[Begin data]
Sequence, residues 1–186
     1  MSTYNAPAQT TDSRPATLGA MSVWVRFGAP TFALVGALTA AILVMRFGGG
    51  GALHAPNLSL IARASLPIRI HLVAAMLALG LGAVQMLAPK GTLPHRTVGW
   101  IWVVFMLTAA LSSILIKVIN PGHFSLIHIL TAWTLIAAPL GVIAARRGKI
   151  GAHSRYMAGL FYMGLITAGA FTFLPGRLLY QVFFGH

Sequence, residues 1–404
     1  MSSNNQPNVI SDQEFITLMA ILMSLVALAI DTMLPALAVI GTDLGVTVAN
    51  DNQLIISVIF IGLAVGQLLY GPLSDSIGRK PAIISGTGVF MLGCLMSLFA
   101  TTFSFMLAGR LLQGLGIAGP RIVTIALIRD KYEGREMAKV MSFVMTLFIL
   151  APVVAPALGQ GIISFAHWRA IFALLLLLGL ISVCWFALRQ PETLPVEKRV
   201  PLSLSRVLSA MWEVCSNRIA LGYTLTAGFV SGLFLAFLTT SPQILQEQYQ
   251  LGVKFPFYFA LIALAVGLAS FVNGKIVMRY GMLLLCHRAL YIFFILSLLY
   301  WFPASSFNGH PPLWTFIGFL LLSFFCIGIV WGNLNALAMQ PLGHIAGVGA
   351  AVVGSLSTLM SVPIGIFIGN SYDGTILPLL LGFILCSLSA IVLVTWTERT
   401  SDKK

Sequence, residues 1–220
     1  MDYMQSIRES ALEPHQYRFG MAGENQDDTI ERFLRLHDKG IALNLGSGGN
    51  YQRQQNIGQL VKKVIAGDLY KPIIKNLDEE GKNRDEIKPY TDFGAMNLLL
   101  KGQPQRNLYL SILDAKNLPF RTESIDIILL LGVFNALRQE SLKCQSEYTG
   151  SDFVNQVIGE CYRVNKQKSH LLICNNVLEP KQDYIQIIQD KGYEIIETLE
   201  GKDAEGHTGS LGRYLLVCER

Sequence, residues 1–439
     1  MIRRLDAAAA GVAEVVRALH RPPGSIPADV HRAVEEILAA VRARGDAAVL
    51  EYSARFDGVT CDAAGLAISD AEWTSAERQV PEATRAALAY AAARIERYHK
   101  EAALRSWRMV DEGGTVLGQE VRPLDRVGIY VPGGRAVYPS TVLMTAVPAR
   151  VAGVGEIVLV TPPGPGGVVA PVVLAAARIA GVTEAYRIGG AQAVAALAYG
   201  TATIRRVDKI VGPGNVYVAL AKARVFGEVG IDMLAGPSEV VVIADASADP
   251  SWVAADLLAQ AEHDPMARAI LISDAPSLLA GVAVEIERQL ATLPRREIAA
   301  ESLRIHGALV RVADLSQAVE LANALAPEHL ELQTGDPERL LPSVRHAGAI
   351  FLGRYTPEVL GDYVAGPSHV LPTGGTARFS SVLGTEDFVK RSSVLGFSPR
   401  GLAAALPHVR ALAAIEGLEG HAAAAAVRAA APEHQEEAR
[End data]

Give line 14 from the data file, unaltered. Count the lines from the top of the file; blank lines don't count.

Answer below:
   351  AVVGSLSTLM SVPIGIFIGN SYDGTILPLL LGFILCSLSA IVLVTWTERT